Vyapam deaths will continue to haunt him till justice is delivered
Ajay Singh | July 11, 2015 | New Delhi
Silence is a weapon whose efficacy can only be realised in the battleground of ethics and morality. It proves highly ineffective or even counterproductive when used as a substitute for chicanery. Nobody knows it better than prime minister Narendra Modi who used this weapon most potently as the chief minister of Gujarat. He played the victim and kept silent when harangued by the UPA government on various cooked-up and flimsy charges. Modi’s silence was perceived to be a weapon of a morally superior warrior caught in the labyrinth of deceit and falsehood created by his immoral adversaries.
The context, however, has drastically altered since he took over as the prime minister. He can no longer play the victim. And he can use silence as an evasive tactic to his own detriment. In the past two months, Modi has spoken on a number of issues except those that grossly undermined his credibility and moral standing.
It is nobody’s case that Lalit Modi’s liaison with either Sushma Swaraj or Vasundhara Raje deserves to be treated as a national crisis. Nevertheless, it is a moral crisis which needs to be addressed urgently and effectively. A national crisis can be deferred and used to make the nationhood more coherent as Greece has successfully demonstrated. But a moral crisis corrodes the spirit of the nation and injects cynicism among people.
It would be wrong to treat the Lalit Modi episode as an aberration and the media’s conduct as TV anchors-driven megalomania. The crisis seems all pervasive in governance. The BJP governments in Madhya Pradesh, Chhattisgarh, Rajasthan and Maharashtra are mired in serious controversies. The charges of collusive collaboration of the chief ministers of these states with racketeers cannot simply be wished away. The mysterious deaths of those linked with the Vyapam scandal in Madhya Pradesh will continue to haunt Modi till the issue is credibly settled.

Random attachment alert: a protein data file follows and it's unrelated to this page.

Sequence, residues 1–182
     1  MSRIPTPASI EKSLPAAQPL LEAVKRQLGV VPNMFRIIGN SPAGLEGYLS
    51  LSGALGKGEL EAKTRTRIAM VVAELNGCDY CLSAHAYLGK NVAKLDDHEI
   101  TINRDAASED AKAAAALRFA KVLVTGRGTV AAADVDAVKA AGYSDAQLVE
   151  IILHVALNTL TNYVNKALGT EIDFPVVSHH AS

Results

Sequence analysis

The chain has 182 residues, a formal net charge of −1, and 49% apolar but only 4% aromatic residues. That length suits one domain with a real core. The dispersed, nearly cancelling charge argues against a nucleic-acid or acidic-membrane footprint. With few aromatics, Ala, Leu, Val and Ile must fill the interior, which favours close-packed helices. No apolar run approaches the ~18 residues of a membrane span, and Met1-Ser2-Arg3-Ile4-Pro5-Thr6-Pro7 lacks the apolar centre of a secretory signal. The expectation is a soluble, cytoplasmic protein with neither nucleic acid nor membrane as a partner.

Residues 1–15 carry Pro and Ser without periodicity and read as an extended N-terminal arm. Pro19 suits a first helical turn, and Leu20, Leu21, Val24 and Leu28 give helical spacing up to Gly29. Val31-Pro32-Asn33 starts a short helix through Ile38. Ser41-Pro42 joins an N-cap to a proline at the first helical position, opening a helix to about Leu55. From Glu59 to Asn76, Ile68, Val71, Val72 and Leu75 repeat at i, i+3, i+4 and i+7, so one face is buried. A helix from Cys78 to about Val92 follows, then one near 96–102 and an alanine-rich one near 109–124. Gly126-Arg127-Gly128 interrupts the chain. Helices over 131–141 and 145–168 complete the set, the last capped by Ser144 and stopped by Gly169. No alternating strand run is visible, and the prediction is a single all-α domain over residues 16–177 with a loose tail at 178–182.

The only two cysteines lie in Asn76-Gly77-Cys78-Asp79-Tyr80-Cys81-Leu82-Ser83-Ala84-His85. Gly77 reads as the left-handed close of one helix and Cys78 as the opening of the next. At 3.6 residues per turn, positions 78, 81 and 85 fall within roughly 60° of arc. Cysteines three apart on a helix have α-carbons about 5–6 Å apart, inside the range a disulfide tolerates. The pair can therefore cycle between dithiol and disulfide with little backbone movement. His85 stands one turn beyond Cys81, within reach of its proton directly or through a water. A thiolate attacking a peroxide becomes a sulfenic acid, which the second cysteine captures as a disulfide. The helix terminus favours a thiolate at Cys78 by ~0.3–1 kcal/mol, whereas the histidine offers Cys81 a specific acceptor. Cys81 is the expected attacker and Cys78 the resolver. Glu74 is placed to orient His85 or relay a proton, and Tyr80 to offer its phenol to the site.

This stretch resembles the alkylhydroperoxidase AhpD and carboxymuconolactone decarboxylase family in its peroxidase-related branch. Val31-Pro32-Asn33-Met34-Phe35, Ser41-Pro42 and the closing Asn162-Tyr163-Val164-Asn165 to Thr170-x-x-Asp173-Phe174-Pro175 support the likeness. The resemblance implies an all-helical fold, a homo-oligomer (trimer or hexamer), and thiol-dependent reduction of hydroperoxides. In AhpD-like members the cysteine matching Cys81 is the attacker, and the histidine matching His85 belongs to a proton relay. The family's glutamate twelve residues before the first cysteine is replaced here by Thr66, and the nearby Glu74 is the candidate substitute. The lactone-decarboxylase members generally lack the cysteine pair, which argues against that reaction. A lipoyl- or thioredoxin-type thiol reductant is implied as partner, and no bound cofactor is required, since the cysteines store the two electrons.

On the other hand, there seems to be a crisis at the centre where different organs of the government are working at cross-purposes. The trust deficit between the home ministry and the information and broadcasting ministry has spiralled into a serious crisis leading to the denial of permission to the Maran-owned Sun TV channels. That it led to a situation where the attorney general indicted the home ministry in the supreme court for indiscretion tells a tale of evident drift in governance.
This trust deficit is not limited to an isolated instance but forms a pattern. We heard of ‘Jayanthi tax’ – a word coined by Modi to connote insidious corruption creeping into clearance of projects by the then UPA environment minister Jayanthi Natarajan. As of now, environment minister Prakash Javadekar has been withholding clearance of projects across the national capital region for reasons best known to him. The methods are not dissimilar to those practised by the UPA.
The delay in appointments of the heads of crucial PSUs and nationalised banks, and the cold war between the finance ministry and the RBI are clear signs of a government that is losing the political narrative woven by the BJP in the pre-election phase. The government seems to be frantically battling on many fronts and squandering away its trust and credibility. In such a situation, Modi’s silence would assume the eloquence of a deafening din.
Modi has often been liberally referring to Mahatma Gandhi in his political projects. It would be prudent if he learns how Gandhi used silence as an effective weapon against the mighty British empire. His silence was spiritually nourishing and deployed against incredibly powerful, immoral and deceitful enemies; but never against his own people.
(The article appears as the opening comment in July 16-31, 2015 issue)
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